If the systems could be deployed nationally, an estimated £500 million could be saved on customers’ energy bills, the company estimated. (energylivenews)

Vodafone dials up plans for UK rollout of self-powered mobile masts
New ‘Eco-Towers’ boast built-in wind turbines, solar panels, and batteries, allowing Vodafone to extend coverage to remote, off-grid locations
Vodafone is hoping to deploy mobile communications masts across the UK which power themselves using built-in wind, solar, and battery technologies, the telecoms giant revealed today.
The firm has developed the new ‘Eco-Towers’ to be entirely self-reliant on their own renewable energy systems, enabling them to bring mobile communications to the UK’s most remote locations without facing the challenges and costs of connecting to the electricity grid, it explained.
Vodafone said it had been working for the past two years with Crossflow Energy on the development of “unique and innovative” wind turbine technology, which combined with the latest solar and battery technologies, has enabled the firms to create a self-powered mobile network tower.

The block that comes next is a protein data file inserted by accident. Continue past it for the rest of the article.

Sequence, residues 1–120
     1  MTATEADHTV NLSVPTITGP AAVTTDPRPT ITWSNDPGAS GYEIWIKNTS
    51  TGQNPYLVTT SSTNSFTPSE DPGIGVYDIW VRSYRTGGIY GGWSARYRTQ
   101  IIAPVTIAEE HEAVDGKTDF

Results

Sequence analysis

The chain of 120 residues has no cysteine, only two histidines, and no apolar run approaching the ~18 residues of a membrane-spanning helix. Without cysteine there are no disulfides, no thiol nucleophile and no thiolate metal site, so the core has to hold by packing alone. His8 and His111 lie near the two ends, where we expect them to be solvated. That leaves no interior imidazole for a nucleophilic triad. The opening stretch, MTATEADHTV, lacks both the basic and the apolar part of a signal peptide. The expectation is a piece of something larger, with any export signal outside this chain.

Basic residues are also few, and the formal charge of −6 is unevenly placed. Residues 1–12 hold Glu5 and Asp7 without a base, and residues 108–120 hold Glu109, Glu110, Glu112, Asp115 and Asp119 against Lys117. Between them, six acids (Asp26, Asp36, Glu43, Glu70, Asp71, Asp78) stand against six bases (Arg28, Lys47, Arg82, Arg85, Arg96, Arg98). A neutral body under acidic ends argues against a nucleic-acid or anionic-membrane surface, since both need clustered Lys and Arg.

The final design has yet to be fully deployed, but working in collaboration with network partner Cornerstone, the firms now plan to run a proof of concept with a view to then installing the Crossflow Turbine technology at rural mobile sites across the UK, they said. (businessgreen)

photo: Crossflow Energy

Entire Output of World’s Largest Offshore Wind Farm Sold Out
15-year offtake Power Purchase Agreements (PPAs) have been signed for the third phase of the 3.6 GW Dogger Bank, the world’s largest offshore wind farm, SSE Renewables and Equinor said.
Dogger Bank Wind Farm will be constructed over 130 kilometres out to sea off the north-east coast of England and is expected to be fully commissioned by March 2026.
Due to its size and scale, Dogger Bank Wind Farm is being built in three consecutive 1.2 GW phases: Dogger Bank A, Dogger Bank B, and Dogger Bank C.
Each phase is expected to generate around 6 TWh of electricity annually, totalling 18 TWh annually across all three phases, enough renewable electricity to supply five per cent of the UK’s demand and equivalent to powering six million UK homes.